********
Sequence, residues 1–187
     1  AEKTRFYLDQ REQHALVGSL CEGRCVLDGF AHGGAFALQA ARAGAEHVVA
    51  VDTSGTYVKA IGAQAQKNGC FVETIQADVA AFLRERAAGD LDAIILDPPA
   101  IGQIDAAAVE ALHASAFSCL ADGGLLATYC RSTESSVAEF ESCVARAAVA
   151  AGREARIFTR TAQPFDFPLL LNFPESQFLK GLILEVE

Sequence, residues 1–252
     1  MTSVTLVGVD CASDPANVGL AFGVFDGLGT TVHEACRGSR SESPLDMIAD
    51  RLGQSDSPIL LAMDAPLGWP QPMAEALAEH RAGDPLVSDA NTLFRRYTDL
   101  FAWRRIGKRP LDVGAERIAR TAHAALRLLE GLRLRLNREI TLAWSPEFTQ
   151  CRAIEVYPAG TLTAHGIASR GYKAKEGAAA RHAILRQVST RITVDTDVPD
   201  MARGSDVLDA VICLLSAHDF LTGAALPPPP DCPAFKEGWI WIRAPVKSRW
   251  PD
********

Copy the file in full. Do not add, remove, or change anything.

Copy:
Sequence, residues 1–187
     1  AEKTRFYLDQ REQHALVGSL CEGRCVLDGF AHGGAFALQA ARAGAEHVVA
    51  VDTSGTYVKA IGAQAQKNGC FVETIQADVA AFLRERAAGD LDAIILDPPA
   101  IGQIDAAAVE ALHASAFSCL ADGGLLATYC RSTESSVAEF ESCVARAAVA
   151  AGREARIFTR TAQPFDFPLL LNFPESQFLK GLILEVE

Sequence, residues 1–252
     1  MTSVTLVGVD CASDPANVGL AFGVFDGLGT TVHEACRGSR SESPLDMIAD
    51  RLGQSDSPIL LAMDAPLGWP QPMAEALAEH RAGDPLVSDA NTLFRRYTDL
   101  FAWRRIGKRP LDVGAERIAR TAHAALRLLE GLRLRLNREI TLAWSPEFTQ
   151  CRAIEVYPAG TLTAHGIASR GYKAKEGAAA RHAILRQVST RITVDTDVPD
   201  MARGSDVLDA VICLLSAHDF LTGAALPPPP DCPAFKEGWI WIRAPVKSRW
   251  PD